With no project players behind him, the team faces one more conundrum. Holding the first overall pick, they will have to choose between securing a franchise quarterback or selecting Nebraska’s jaw-dropping defensive tackle. Should they elect to pick Suh, the quarterback situation grows even murkier.
The team is now trapped with one of the more hangdog contracts in football. Quarterback Jake Delhomme signed a big long-term contract extension before the 2009 season despite age and performance concerns. The amount of money left will make it hard to unload the 35-year-old despite his 8-18 touchdown to interception ratio and sub 60 quarterback rating.
Unknown backup Matt Moore stepped in when Delhomme went down and immediately made a case for supplanting Delhomme. When the Panthers were 4-7, they closed the year at 4-1. Moore did not simply post game-management numbers either, since he had eight touchdowns against two interceptions and an overall rating well over 100, even though he only makes roughly 1/16th Delhomme’s salary.
Original starter Chad Pennington is not only unsigned, but comes off yet another injury and still has concerns about the continual declination of his arm strength. Chad Henne, Pennington’s heir apparent, stepped into the role and performed respectably (7-6 as a starter), but failed to secure uncontested backing. Head coach Tony Sparano’s answers remain vague regarding whether Henne will be the 2010 starter. With little else around, he is likely to start. The question is whether he is truly backed by the coaching staff or whether he is getting the job by default.
Well, after 2009 they answered one of the big questions. They now know Derek Anderson is not the guy. He posted an abysmal 42.1 quarterback rating while helming the worst offense in football. Brady Quinn is more of a question mark. He was benched prematurely before showing some signs of progress with good games against the Lions and Chargers, but he stumbled toward the end and finished the year injured. The team has so many holes to fill that they are almost compelled to use Quinn, but does the team (especially with the retained Mangini) have faith in him?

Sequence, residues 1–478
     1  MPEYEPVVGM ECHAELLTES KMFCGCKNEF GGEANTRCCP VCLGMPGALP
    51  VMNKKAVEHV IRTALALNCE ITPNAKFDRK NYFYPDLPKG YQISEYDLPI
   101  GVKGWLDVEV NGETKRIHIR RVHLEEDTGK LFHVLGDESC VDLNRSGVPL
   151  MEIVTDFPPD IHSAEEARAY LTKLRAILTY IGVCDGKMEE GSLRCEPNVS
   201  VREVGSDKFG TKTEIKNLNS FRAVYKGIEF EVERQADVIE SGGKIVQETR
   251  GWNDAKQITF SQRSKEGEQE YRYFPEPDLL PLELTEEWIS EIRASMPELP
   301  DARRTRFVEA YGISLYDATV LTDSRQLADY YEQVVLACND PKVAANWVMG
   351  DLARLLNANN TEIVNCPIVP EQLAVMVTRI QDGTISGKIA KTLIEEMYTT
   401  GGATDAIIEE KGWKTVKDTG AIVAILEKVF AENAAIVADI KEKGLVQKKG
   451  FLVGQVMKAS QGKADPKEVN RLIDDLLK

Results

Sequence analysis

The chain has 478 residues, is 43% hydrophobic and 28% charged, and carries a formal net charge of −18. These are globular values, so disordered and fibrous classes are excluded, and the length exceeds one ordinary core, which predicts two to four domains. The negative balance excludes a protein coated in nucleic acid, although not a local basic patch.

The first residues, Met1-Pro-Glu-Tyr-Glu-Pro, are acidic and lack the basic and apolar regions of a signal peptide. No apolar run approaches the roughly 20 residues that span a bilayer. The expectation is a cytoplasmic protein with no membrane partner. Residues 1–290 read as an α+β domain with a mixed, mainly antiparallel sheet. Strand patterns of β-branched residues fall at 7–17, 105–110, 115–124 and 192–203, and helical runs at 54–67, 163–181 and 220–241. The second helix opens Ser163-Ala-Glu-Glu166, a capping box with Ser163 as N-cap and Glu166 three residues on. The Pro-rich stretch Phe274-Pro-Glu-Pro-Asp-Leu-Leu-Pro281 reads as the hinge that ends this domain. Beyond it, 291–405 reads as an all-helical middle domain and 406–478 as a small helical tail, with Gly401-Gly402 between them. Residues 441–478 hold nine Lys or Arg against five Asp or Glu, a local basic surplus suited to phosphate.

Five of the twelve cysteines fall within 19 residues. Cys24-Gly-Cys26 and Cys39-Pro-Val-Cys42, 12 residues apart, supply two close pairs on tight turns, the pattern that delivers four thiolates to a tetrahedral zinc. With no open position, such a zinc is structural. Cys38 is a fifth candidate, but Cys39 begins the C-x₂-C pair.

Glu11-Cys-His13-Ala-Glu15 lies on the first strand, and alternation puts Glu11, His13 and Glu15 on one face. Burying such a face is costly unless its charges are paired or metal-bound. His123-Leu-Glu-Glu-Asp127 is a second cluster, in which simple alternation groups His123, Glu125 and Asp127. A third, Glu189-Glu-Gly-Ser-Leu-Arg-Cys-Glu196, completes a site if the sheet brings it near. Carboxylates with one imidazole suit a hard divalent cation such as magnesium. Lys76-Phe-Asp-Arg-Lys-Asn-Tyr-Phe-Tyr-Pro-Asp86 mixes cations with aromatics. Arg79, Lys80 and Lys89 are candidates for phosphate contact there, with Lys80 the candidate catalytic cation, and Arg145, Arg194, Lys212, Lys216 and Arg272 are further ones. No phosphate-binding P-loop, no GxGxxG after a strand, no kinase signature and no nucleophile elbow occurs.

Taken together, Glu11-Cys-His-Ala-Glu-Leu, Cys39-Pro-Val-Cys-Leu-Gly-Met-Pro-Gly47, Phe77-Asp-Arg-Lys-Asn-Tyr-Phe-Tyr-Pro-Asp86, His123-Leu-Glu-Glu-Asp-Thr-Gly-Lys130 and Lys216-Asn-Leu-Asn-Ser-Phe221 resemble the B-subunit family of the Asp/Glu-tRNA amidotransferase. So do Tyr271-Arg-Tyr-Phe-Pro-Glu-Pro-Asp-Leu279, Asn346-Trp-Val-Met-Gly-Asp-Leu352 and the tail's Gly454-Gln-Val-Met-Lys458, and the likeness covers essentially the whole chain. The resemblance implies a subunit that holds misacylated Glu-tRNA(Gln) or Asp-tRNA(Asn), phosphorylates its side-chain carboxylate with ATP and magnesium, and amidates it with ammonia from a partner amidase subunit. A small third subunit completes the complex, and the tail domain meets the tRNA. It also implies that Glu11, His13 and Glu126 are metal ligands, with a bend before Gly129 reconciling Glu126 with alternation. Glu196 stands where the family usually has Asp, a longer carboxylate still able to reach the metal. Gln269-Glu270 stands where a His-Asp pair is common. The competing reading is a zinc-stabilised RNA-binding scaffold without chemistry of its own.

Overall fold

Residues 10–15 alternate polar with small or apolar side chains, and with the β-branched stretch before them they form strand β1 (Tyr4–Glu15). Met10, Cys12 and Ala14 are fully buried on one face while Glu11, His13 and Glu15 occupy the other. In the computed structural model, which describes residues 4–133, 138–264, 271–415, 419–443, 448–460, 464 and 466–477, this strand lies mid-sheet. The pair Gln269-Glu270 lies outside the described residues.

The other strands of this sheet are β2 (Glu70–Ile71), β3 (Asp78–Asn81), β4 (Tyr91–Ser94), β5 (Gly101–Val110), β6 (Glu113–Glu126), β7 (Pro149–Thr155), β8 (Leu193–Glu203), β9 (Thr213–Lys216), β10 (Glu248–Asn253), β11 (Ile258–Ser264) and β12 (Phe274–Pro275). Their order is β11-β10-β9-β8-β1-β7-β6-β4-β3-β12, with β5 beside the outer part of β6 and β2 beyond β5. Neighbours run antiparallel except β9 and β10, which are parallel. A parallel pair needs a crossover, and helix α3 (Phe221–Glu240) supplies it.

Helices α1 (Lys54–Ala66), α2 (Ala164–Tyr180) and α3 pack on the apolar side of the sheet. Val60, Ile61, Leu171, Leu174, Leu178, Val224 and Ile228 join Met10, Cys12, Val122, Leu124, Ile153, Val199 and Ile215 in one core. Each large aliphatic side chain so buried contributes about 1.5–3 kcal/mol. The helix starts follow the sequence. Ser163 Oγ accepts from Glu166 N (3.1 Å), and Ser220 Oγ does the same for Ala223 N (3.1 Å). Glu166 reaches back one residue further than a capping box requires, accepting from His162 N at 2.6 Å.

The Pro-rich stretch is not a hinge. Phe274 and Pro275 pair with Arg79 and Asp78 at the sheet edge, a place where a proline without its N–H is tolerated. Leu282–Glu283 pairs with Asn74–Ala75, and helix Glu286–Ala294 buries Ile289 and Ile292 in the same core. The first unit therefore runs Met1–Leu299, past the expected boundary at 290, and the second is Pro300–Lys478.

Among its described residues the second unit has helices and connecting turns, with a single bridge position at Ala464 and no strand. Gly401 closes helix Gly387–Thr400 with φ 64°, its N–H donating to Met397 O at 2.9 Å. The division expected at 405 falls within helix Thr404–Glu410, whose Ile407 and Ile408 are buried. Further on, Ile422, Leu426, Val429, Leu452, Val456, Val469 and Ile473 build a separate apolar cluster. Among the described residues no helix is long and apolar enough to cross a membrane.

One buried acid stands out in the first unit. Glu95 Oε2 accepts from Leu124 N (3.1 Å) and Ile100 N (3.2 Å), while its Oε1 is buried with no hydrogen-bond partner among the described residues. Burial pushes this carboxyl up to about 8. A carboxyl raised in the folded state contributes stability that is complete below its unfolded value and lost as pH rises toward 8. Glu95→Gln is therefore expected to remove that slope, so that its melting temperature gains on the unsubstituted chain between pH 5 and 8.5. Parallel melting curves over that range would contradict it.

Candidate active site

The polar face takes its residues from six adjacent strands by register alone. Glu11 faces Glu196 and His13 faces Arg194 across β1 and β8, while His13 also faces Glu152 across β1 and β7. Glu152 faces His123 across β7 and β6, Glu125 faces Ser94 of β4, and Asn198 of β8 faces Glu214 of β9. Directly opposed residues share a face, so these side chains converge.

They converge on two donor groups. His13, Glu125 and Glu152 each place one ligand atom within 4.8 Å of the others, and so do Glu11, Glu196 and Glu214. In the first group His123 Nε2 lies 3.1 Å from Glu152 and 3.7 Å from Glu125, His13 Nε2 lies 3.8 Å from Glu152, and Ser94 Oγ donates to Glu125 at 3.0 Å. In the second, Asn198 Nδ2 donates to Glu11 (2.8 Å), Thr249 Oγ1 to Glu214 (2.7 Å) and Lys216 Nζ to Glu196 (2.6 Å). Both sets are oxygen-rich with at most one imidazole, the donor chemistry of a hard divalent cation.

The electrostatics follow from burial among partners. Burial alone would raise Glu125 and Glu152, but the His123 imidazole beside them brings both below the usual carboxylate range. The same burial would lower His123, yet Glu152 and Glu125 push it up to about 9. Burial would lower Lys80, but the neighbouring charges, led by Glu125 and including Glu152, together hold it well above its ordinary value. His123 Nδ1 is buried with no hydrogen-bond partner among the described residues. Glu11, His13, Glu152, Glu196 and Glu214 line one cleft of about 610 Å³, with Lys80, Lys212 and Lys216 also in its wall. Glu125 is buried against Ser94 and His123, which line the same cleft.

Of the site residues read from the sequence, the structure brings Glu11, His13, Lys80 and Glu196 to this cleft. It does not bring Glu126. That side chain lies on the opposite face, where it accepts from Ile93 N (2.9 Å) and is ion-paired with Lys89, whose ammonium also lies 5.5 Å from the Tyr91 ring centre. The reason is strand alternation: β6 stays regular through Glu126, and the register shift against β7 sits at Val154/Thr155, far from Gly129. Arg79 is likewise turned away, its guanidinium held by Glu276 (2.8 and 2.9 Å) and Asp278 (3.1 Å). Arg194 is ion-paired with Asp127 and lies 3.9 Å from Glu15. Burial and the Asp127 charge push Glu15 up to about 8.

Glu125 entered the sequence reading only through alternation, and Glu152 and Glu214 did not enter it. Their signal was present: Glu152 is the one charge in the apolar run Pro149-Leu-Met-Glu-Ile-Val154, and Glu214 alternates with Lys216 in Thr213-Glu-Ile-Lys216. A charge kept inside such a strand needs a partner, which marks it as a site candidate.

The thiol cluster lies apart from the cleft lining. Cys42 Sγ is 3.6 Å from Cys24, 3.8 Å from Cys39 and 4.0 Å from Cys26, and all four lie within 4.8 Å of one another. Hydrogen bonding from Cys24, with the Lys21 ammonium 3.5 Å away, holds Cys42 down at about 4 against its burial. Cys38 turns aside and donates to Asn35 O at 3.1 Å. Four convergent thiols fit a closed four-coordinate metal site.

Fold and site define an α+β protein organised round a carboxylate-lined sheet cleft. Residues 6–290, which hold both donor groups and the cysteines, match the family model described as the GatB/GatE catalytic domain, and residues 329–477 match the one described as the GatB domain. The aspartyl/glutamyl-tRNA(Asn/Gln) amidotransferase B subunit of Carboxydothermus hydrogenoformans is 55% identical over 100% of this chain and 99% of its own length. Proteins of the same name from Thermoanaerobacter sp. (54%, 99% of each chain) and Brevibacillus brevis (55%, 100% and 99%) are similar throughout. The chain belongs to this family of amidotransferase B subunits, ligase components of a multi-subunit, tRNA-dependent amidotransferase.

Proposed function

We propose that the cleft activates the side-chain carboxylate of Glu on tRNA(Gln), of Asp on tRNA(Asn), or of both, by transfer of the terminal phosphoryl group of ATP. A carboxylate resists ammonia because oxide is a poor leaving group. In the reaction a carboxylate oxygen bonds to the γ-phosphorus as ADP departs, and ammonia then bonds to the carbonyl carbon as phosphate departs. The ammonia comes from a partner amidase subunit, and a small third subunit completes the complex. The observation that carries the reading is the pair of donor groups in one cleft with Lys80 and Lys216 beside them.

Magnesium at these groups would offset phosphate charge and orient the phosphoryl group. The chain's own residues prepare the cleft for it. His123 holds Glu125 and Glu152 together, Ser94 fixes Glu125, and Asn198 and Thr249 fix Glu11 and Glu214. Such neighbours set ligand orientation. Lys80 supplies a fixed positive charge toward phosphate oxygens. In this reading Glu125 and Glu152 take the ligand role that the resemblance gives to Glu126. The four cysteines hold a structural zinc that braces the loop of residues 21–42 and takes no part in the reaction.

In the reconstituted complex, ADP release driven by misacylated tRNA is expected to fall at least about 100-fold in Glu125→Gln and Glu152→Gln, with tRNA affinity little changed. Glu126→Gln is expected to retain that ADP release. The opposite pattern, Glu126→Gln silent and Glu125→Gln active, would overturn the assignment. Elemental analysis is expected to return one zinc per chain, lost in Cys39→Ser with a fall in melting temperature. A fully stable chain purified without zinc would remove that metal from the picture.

Jamarcus Russell began the year as a starter, and reports are persistent that the team is still trying to find offensive coaching that can ameliorate his performance. He posted the worst rating among quarterbacks with at least 10 games (50.0), and were in not for Derek Anderson’s abysmal season, he would have posted the lowest of any quarterback who started a game.
The Raiders still have a huge amount of guaranteed money wrapped up into the former first overall pick, but they have to give attention to Bruce Gradkowski. Despite only four starts, Gradkowski nearly matched Russell's yardage and doubled his touchdown total. He had a 2:1 touchdown to interception ratio (against Russell’s 3:11).
The Raiders have to wonder not only whether Russell can develop, but also whether they should try or go with Gradkowski and if Gradkowski’s spark in limited starts can translate across a full season or was a flash in the pan.
While the Bears slip to the back of this list because they don’t have any personnel decisions to make, they still have questions going into 2010. The Bears coughed up a few players and several high draft picks to land their "star" quarterback Jay Cutler. The result was 26 interceptions, 3,600 yards (in a year of ubiquitous 4,000 yard passers), and a rating of 76.8. In other words, no particular upgrade from a Rex Grossman or Kyle Orton (who quietly put up 200 more yards and a 10 point higher rating behind fewer attempts). The team is still looking for an offensive coordinator, as prospects are leery of working with Cutler.
Several other teams have questions to a lesser extent. Denver appears to have faith in Orton, but the former Bear is a free agent and may be sought by other teams looking to augment. Vince Young looked solid in his second stint as a starter, but the team has to be wondering if he can translate that to 2010. Kansas City has to hope Cassel can show more of his Patriots form next season after the entire team disappointed in 2009. New York, Detroit, and Tampa Bay hope their promising rookies can continue to improve and don’t hit the proverbial sophomore slump.
Ultimately, more than half the teams in the league stand to lose some sleep over this vital position in the upcoming offseason, and few will have their answers until the 2010 season begins.